if i want a lecture, i’ll talk o my wife…

Hollyweird can keep it’s lectures and i’ll keep my money.

American Human | March 29, 2019 at 3:46 pm

Here’s a contentious issue about race:
How about I don’t care about a person’s race? Can I like someone because they’re nice/funny/smart/cool/friendly etc? Or do I need to like someone because of their color?
How about a co-worker who is a smart/competent/efficient/dedicated engineer instead of a white or black or female or Hispanic engineer?
Maybe I’ll see a movie starring someone that I admire who won’t insult me and liking the movie because it’s a good movie and such.

A few words to live by that a lot of the country seems to have forgotten:
“I have a dream that my four little children will one day live in a nation where they will not be judged by the color of their skin, but by the content of their character.”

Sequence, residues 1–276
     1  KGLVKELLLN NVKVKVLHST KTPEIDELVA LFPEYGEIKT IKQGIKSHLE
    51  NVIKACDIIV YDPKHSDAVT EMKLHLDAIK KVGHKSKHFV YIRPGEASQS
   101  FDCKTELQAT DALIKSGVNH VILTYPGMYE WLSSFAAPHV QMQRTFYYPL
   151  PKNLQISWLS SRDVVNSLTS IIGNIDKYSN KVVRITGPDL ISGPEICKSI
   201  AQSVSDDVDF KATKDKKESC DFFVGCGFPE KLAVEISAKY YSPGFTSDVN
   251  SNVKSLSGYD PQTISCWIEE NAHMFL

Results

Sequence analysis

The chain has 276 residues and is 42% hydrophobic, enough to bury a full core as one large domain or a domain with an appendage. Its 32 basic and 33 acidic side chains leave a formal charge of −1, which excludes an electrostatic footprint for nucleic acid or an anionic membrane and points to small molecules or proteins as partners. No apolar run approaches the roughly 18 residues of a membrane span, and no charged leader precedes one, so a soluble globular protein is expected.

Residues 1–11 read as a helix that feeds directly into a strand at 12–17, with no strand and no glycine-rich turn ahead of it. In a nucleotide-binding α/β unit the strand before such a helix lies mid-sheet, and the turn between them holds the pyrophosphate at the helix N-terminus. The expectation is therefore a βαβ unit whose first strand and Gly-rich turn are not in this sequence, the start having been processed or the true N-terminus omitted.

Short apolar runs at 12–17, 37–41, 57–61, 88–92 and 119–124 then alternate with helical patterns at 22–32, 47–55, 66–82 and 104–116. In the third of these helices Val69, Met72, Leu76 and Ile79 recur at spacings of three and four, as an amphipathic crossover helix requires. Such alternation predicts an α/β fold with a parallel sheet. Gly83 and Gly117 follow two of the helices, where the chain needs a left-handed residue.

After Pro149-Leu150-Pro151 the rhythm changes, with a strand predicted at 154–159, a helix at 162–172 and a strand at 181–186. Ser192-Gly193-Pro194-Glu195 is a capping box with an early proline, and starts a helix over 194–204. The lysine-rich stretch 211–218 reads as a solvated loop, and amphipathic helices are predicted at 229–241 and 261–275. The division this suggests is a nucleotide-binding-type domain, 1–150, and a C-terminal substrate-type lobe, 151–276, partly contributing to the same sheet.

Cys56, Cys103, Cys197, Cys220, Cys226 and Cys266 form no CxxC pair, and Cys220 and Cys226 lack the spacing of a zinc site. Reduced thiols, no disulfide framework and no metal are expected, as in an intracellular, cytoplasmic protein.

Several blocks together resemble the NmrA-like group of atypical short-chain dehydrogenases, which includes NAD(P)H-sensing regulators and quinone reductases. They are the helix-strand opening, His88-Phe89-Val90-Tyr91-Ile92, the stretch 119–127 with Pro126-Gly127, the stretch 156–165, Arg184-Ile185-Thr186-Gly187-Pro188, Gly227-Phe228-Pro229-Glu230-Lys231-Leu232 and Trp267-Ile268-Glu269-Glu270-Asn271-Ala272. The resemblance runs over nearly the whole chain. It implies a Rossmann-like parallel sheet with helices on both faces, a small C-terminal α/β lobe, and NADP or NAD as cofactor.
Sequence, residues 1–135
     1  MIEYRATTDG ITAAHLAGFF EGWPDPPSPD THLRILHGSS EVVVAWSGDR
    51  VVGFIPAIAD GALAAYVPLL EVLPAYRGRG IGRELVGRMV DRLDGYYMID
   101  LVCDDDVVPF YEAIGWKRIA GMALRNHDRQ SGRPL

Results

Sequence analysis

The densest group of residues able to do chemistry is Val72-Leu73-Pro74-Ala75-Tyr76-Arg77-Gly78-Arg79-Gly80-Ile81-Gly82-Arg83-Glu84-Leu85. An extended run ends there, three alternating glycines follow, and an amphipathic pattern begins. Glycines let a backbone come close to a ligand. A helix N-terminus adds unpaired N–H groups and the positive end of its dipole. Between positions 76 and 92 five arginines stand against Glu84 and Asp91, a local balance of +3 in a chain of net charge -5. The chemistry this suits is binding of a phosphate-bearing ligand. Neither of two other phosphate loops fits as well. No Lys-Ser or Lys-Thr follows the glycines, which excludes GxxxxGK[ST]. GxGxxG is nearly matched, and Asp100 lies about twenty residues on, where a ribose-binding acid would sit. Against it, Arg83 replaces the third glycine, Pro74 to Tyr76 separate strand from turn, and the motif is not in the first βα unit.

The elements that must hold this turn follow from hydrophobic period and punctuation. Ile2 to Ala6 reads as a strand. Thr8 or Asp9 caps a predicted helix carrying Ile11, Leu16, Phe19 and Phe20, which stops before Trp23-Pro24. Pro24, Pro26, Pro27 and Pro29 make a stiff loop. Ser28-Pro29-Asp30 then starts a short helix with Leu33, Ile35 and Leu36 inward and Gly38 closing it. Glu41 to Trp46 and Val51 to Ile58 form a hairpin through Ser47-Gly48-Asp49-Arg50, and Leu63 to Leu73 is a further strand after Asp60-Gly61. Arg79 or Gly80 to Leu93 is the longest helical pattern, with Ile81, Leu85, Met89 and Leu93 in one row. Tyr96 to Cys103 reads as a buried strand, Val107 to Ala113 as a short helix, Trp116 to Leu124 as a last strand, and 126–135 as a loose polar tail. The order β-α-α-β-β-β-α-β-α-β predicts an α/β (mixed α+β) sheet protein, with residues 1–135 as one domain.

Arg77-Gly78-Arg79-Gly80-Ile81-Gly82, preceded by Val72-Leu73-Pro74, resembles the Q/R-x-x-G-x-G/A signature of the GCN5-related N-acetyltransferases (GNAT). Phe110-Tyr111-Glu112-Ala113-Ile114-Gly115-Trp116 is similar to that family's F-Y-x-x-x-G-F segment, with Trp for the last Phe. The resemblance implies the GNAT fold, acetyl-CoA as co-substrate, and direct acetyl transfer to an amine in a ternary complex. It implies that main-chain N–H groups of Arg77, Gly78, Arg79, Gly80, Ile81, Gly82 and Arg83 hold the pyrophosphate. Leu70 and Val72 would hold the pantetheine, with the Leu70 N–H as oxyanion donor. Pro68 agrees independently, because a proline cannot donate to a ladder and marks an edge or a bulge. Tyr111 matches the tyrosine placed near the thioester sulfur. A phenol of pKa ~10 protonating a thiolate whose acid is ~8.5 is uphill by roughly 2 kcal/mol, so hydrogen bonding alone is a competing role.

Gosh, I’ve forgotten who said that….

“The implicit assumption of the film is that American culture has a problem with complicity and being honest about its failures.”

Really? I posit that we’re a country obsessed with its shortcomings. We endlessly dwell on our ‘original sin’ and all sorts of real and imaginary contemporary problems. To a fault!

The underlying problem is the fraud underlying ‘barack hussein obama’ (or whoever he really is.)

That poisonous puppet and his equally fake trans wife – and their handler, Jarrett – have spread the most virulent hate ever seen in this nation. The forces behind this creeps are the most sinister our nation has ever fought against.

At least the communists and the nazis and the Imperial Japanese had standing foreign armies. The ‘obama’ army is the enemy within.

Sometimes standing means standing alone.

That is so bold. I can barely contain myself.

I just got a message from the poison control center.

I can’t believe I got this, but on the other hand I can’t tell you it’s a bad idea not to drink brake fluid.

Or I can. Yes, I can. Don’t drink brake fluid.

Don’t kiss alligators. Yes, I said it.

Don’t masturbate with sharks.

That’s dangerous.